Sunday, March 29, 2015

What You SHOULD Do as a New Indie Author...

***Updated 2/3/16

Earlier this month, I wrote a What NOT to Do list for new indie authors. In it, I said that I would follow it up with this list..what you SHOULD do.

I'll be honest with you: I don't know if I'm really qualified to be dishing out this advice. I mean, the what NOT to do, sure. I have discovered plenty for that list, and it seems that I uncover more things to avoid each day. But the SHOULD do list? me, that means that I developed this list by successes and I don't think that (against the current measure) that you could say I am a success as a self-published author. Not by volume of sales, anyway.

I feel that I have succeeded in achieving my dream, and I think I'm putting out good work that still continues to get better...but it may not be to the point where I can give this sort of advice to others. I don't want to sound arrogant. I haven't earned that right in the writing realm. ;)

Having said that, I still want to share with other indie authors (especially those just starting out, and trying to figure out where to begin). I think the best way to preface this list is to simply say that these are my non-failures. These are the things that have made a positive difference in my experience. This doesn't always equate to more sales, but more positive feedback and inclusion. I hope that makes sense.

1. Get on social media. This was (and still is) a tough one for me. I didn't even figure this out for almost a YEAR after my first book, Bloodline, came out. It was after I wrote the second in the series, Heritage, that I finally came up for air. Literally. I was SO entrenched in the incredibly involved story that I wasn't even paying attention. I chuckle now, because like almost every other indie author out there...I thought the books would sell themselves. You know, stick it on the internet and people would flock to it based on the worth of the story and writing alone. Humph! Not even close to reality. All you have to do is read some of the 'best sellers' out there, and you will find that quality has little to do with it. It's all about the marketing. Here is my list (PLEASE add to it in the comments. I am still learning!!!!).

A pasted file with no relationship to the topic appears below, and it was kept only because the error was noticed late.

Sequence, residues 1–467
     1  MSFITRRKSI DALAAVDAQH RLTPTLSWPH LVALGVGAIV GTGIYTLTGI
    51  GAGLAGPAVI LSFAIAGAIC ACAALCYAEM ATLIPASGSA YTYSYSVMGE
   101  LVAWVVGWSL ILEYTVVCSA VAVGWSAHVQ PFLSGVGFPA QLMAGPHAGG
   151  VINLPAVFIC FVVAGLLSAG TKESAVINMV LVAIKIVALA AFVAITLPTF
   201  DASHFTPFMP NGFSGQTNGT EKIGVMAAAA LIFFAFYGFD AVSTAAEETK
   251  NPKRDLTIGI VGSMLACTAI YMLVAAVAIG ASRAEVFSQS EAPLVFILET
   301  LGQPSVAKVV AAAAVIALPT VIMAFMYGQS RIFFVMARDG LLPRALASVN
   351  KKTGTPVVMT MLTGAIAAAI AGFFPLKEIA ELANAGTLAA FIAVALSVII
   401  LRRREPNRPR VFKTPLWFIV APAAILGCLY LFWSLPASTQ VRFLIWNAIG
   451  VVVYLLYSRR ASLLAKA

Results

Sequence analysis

*BLOG - even if it's about nothing. Get yourself out there in the search engines and slowly build.
 *Facebook - *sigh* Don't make my mistake. I started out making everything about the first book. BIG mistake. It needs to be about YOU. Yes...YOU, the author. Make an author page on Facebook, make a blog about you and include pages for your books.
*Twitter - As much as I hate to admit it, this may be the single best outlet, if used properly. Read up on it and how it works, then experiment.
*Amazon - get on it. I won't get into the whole debate on whether to be exclusive or not, but you should at least be there (you can't deny that it IS the giant) and make a good author page. (if you aren't exclusive to Amazon, be sure to hit the other sites like Smashwords and Kobo)
*Pinterest - *another sigh* Yes. Pin. Pin away.
*Goodreads - This is greatly debated among authors. This is a MASSIVE message board set-up that is now owned by Amazon. Problem is, that it has the power to make or break you. Their star system is tough, because you can rate without reviewing, so you get 'drive-by raters', which I have been the victim of . However, the benefits I have gotten from this site FAR outweigh any negatives. I think that they're an incredible resource, if used properly. My best advice to you about Goodreads, is to make sure you participate as a READER, too. The networking opportunities are amazing, but you can't come at it with a take, take, take, mentality.  You have to GIVE, too.